Doctor of Philosophy (PhD)

Document Type



Workforce training is needed throughout the construction industry to create and maintain competent workers; unfortunately, most construction training and education research focuses on university student education. The focus of this dissertation research is the current state of educational-theory embedded construction workforce training, how such trainings are effective, and how they may be further optimized based on established educational theory. This is accomplished through a review of construction training for current industry professionals, an evaluation of the assessment criteria used to measure effectiveness, followed by the creation of a framework for construction training.

There is a lack of recommendations for improvement of construction training across the industry. To establish the current state of construction industry training, a review of education theory-integrated training for construction professionals is undertaken. To measure the extent of educational theory integration, this dissertation summarizes studies that meet inclusion criteria, identifies the frequency of occurrence of Bloom’s Taxonomy verbs as a measure of student learning outcomes, and identifies and compares commonly used words within the identified construction training literature and foundational educational theory literature. The results provide a baseline of education theory-integrated construction training research, from which gaps and best practices can be identified.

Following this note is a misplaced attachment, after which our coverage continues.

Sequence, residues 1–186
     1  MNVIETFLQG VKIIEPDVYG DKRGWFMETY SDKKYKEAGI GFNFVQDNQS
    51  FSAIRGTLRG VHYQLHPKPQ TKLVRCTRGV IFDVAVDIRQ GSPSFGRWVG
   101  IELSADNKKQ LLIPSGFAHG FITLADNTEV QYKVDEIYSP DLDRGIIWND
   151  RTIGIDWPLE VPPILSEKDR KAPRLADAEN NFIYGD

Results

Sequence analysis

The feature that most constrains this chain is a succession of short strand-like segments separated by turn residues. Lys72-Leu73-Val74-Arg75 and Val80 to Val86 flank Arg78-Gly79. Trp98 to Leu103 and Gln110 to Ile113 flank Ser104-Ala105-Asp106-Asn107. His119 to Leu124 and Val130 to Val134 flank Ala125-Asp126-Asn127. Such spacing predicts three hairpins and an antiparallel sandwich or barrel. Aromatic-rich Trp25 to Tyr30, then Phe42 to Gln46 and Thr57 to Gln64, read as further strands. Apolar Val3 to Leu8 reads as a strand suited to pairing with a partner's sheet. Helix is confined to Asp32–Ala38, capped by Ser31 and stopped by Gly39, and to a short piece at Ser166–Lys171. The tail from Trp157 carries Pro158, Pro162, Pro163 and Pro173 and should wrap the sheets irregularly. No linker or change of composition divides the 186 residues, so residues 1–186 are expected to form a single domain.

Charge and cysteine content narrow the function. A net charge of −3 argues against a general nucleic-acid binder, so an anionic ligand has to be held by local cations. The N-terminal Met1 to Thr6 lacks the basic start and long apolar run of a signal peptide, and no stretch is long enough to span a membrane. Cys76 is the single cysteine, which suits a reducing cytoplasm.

Existing construction training programs are not properly measured for effectiveness. A review of the current methodologies used in construction trainings published in archival literature is conducted to evaluate the effectiveness of training programs. These practices are compared against the Kirkpatrick Model, an evaluation framework. The assessment methodologies in the literature are synthesized with corresponding levels found in the Kirkpatrick Model.

Properly integrating educational theory into construction workforce training has the potential to improve industry training; however, there is a dearth of studies that present details of this integration process. To address this gap, a training framework is created to educate material installers on material properties, selection, and installation. This framework is based on andragogical and Universal Design for Learning (UDL) principles. An assessment tool provides a method of evaluating similar training agendas to improve instructional design before training implementation. The created framework culminates by establishing linkages from educational theory to proposed training modules.

Committee Chair

Friedland, Carol